There are numerous ways to take on a subject with the intent of bringing it down, preferably in flames?  Ridicule is, after all, a valuable tool, the major instrument, in fact, in the surgical procedure called humor.  Ridicule is achieved by demonstrating an individual, an institution, a concept, or a system in progress, then applying the blow torch of exaggeration.  At what point does the exaggeration move the ridicule from satire to parody or, even more severe, farce?  At what point does satire retire into the darkness, allowing parody to take over?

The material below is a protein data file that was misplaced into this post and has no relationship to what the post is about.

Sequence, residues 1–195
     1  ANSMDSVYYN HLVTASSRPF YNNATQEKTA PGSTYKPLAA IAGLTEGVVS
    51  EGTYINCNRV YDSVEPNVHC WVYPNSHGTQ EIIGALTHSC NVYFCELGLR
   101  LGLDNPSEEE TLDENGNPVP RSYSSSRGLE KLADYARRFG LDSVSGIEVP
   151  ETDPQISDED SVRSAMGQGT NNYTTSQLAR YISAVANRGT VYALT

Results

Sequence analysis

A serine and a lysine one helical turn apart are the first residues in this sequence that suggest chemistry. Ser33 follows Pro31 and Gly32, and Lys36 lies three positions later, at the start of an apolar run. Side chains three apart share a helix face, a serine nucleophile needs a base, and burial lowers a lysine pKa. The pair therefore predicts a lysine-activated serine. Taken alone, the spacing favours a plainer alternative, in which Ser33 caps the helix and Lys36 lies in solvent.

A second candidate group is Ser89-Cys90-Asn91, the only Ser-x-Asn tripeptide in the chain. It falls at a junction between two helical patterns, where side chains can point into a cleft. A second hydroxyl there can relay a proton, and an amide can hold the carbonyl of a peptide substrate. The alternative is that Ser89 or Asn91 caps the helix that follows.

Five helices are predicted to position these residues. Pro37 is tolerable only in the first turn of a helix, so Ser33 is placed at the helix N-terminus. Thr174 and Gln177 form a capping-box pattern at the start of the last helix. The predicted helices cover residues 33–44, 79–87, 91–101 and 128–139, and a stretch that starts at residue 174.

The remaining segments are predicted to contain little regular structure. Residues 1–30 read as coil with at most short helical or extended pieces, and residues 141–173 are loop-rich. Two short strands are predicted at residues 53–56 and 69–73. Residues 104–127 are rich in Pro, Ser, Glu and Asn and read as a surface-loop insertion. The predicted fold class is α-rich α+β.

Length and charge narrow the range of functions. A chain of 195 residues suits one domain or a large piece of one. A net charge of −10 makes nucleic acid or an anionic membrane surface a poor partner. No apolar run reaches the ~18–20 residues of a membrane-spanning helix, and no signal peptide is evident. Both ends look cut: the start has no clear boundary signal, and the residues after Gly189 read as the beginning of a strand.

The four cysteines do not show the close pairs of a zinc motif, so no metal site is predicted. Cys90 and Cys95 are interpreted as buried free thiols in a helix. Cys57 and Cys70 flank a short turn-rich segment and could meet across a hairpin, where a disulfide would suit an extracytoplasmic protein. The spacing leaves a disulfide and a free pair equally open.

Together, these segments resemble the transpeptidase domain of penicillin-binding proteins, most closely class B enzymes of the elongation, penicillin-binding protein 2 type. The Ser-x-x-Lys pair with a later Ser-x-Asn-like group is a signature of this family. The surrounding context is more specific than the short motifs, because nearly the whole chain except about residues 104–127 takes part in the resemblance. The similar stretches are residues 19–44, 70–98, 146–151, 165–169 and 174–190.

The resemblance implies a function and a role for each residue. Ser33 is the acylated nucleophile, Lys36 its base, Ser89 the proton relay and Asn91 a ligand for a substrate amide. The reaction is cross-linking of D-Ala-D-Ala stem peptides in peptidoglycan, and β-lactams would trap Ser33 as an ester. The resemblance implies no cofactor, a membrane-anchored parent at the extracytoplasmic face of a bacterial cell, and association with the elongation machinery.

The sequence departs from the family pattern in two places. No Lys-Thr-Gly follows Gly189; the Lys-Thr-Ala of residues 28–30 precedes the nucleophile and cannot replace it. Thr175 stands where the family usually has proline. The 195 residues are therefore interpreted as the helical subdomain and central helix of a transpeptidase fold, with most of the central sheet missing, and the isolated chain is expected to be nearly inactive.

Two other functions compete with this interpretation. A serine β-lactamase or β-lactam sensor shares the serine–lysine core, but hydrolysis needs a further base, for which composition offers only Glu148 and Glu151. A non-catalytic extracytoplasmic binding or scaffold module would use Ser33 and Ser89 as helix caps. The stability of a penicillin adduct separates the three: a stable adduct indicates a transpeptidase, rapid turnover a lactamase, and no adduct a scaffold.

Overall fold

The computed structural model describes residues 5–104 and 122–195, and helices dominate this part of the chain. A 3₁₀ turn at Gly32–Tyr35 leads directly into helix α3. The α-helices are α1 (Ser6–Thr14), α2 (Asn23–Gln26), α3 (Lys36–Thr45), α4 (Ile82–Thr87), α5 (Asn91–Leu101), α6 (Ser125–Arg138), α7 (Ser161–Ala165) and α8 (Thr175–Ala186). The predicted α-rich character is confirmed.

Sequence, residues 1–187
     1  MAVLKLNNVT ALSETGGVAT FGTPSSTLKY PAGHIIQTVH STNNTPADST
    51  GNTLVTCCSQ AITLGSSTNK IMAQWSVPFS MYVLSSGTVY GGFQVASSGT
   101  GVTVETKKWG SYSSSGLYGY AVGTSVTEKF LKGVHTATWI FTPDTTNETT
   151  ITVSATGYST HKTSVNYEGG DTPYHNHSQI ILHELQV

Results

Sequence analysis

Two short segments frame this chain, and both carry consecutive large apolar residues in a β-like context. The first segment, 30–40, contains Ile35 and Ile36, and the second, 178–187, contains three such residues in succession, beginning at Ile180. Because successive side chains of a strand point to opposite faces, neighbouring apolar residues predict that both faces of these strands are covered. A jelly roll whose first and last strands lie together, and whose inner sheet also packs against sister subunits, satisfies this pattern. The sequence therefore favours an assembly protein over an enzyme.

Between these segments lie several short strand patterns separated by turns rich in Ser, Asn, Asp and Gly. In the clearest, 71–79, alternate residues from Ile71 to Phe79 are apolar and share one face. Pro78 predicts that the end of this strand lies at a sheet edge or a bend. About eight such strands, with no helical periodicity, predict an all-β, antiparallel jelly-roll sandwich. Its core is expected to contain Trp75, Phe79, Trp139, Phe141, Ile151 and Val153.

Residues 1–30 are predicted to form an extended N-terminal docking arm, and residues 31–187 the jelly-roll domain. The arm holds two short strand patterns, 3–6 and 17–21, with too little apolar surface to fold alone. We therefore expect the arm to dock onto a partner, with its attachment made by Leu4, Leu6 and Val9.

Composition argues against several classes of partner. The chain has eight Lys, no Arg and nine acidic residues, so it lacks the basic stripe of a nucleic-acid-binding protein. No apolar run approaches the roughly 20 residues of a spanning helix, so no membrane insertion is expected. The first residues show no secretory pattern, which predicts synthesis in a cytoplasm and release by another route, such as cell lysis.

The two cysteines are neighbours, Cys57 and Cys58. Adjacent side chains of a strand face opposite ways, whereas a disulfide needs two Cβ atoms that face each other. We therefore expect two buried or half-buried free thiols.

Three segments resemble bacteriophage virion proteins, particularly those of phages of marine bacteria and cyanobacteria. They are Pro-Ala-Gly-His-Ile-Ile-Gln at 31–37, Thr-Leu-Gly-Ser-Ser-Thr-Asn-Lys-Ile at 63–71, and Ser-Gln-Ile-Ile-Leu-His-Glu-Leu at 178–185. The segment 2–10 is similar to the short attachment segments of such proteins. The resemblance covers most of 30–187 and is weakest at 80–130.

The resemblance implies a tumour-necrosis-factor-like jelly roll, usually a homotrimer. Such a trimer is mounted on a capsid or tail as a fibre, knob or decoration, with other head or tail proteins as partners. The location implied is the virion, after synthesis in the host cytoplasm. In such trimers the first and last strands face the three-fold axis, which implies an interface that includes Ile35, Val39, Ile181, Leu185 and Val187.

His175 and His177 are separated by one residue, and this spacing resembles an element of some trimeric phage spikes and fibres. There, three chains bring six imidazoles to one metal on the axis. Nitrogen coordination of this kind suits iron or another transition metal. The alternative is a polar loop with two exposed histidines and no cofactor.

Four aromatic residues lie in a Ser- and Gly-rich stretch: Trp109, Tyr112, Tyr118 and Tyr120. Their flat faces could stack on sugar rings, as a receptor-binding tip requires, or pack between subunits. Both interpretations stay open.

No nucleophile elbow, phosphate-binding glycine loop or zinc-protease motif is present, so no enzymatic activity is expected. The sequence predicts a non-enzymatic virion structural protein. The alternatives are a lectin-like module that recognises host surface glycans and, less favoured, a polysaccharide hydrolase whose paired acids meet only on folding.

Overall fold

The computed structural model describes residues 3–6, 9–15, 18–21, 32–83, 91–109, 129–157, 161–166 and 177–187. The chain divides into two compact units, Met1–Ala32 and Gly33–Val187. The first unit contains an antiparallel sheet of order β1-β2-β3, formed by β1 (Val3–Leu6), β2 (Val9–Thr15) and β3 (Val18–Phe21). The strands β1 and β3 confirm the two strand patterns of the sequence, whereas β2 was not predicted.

Exaggeration has such a delicate balance.  You have, for a specific instance, a thesis that the one work considered Evelyn Waugh's greatest triumph, Brideshead Revisited, is a satire.  Certainly his other work shows an authorial sense of moral high ground as it attacks character types and attitudes.  Moral purpose is a major factor in satire, and so pompous and attitude-oriented was Waugh in his lifetime that he appeared to be satirizing himself as much as he took on social mores and standards of ethical behavior, to say nothing about his perfervid religious beliefs.  You have concluded that the movement of Charles Ryder's agnosticism, drifting inexorably toward Catholicism, paralleled with Lord Marchmain's ambiguous last-minute "conversion" demonstrate Waugh's own vision of how a set of characters as individuals and en famile can be led to an exaggerated quest for salvation.  Thus was Waugh using plausibility to suggest his ultimate disdain and dramatize the exaggeration to the point where the characters may feel they have behaved well but some readers may conclude differently.